V Australia announced (17-Aug-09) plans to launch services from Melbourne to Johannesburg, Los Angeles and Phuket and from Brisbane to Phuket. Connecting flights will be available from other key Australian ports to both Johannesburg and Phuket. The carrier also confirmed it has lodged an application with the International Air Services Commission for permission and slots to operate flights between Australia and Fiji. [more]
V Australia to launch services to Johannesburg and Phuket, add MEL-LAX
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Interjet moves forward in strengthening its transborder position. Politics spurs market uncertainty
Mexico’s third largest airline, Interjet, recorded a surge in international passengers during 2016, reflecting the company’s desire to capitalise on a loosened bilateral agreement between the US and Mexico that eliminated restrictions on certain routes between the two countries. Interjet added several new routes to the US in 2016, upping competition with its Mexican rivals and the US airlines.
Based on Interjet’s aircraft delivery schedule and forward looking data, the airline’s capacity is set to grow at a healthy pace in 2017 as it absorbs new route launches from 2016 and expands its fleet. The airline logged 18.3% capacity growth in 2016.
Interjet is undertaking a significant US expansion as changing political tides are creating uncertainty about future travel patterns between Mexico and the US. Interjet asserts that business travel demand on its largest international route – Mexico City to New York JFK – remains robust, and the airline is expanding frequencies on the route.
But Mexico-US relations remain fragile in the light of uneasiness about changing trade pacts, and the heightened rhetoric over construction of a border wall between the two countries that was a hallmark of (now) President’s Trump campaign.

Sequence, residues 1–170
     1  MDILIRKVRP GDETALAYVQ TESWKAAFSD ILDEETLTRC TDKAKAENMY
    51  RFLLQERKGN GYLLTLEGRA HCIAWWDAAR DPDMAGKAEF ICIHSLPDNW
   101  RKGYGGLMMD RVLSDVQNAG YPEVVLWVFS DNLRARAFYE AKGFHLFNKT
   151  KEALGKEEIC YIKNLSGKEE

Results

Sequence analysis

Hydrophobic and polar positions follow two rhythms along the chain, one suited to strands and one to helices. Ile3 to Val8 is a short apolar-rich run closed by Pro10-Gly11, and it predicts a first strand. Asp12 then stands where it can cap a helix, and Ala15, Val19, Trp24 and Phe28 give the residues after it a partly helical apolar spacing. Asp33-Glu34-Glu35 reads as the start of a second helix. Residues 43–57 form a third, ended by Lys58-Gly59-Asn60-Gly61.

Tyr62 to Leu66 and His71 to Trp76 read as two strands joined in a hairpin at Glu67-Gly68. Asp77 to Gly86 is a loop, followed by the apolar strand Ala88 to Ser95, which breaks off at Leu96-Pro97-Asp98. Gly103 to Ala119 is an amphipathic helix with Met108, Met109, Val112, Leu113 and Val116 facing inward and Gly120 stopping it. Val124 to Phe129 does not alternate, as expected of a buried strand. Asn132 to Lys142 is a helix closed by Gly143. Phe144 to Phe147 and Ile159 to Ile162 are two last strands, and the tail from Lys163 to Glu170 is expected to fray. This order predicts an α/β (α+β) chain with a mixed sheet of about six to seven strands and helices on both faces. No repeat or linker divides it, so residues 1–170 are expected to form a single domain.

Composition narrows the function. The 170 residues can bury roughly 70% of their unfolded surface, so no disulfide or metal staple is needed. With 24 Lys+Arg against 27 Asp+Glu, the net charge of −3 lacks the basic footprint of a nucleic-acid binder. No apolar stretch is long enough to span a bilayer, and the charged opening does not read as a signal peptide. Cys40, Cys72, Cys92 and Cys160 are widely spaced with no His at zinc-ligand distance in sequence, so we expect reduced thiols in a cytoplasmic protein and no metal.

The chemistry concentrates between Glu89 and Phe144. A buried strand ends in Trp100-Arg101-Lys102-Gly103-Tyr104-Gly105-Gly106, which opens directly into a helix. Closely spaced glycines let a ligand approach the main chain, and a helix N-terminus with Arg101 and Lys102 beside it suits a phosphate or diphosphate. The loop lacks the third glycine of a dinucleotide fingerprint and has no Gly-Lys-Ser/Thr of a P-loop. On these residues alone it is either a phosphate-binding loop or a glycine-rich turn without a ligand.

The US Big 3 airlines enjoy rally in domestic & Latin markets as the Atlantic and Pacific languish
The three large US global network airlines – American, Delta and United – were reasonably positive about their outlooks in early Jan-2017 prior to the US government issuing travel restrictions for several countries. The long term effects of President Trump’s executive order remain unclear, but early indications show a curb of some corporate travel just as yields in that passenger segment were starting a slow recovery.
Those three airlines were optimistic that pricing in the US market, including business travel fares, had hit the bottom and was turning a corner. For now that is still the likely scenario, with the domestic market serving as one of the stronger entities for those three airlines prior to the travel ban. Latin America had also started a solid recovery, with American, Delta and United all posting positive passenger unit revenue results for that region during 4Q2016, and they expect Latin America’s momentum to continue into 1Q2017.
The trans-Atlantic and trans-Pacific remain the most challenging regions for American, Delta and United. Trans Atlantic flights are challenged by competitive capacity and currency fluctuations that show no signs of retrenching. But prospects for the trans Pacific look better in 2H2017 as service caps in the current China-US bilateral are met during that period.